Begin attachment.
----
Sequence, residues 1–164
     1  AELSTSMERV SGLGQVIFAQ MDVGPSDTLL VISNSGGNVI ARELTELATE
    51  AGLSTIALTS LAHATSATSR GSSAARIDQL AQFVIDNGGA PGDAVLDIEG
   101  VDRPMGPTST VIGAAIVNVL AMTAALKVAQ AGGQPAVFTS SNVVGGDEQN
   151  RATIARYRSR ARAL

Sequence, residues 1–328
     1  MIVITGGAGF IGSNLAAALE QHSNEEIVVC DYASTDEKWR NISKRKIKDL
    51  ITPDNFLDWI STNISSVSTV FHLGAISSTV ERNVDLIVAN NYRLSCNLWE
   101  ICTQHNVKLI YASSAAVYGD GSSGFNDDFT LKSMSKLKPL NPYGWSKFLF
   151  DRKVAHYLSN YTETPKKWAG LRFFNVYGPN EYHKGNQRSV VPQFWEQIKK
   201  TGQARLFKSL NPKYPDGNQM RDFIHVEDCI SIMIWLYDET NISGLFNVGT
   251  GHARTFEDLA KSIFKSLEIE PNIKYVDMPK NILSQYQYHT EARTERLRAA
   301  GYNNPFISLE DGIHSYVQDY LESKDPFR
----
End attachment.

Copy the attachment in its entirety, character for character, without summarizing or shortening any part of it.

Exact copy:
Sequence, residues 1–164
     1  AELSTSMERV SGLGQVIFAQ MDVGPSDTLL VISNSGGNVI ARELTELATE
    51  AGLSTIALTS LAHATSATSR GSSAARIDQL AQFVIDNGGA PGDAVLDIEG
   101  VDRPMGPTST VIGAAIVNVL AMTAALKVAQ AGGQPAVFTS SNVVGGDEQN
   151  RATIARYRSR ARAL

Sequence, residues 1–328
     1  MIVITGGAGF IGSNLAAALE QHSNEEIVVC DYASTDEKWR NISKRKIKDL
    51  ITPDNFLDWI STNISSVSTV FHLGAISSTV ERNVDLIVAN NYRLSCNLWE
   101  ICTQHNVKLI YASSAAVYGD GSSGFNDDFT LKSMSKLKPL NPYGWSKFLF
   151  DRKVAHYLSN YTETPKKWAG LRFFNVYGPN EYHKGNQRSV VPQFWEQIKK
   201  TGQARLFKSL NPKYPDGNQM RDFIHVEDCI SIMIWLYDET NISGLFNVGT
   251  GHARTFEDLA KSIFKSLEIE PNIKYVDMPK NILSQYQYHT EARTERLRAA
   301  GYNNPFISLE DGIHSYVQDY LESKDPFR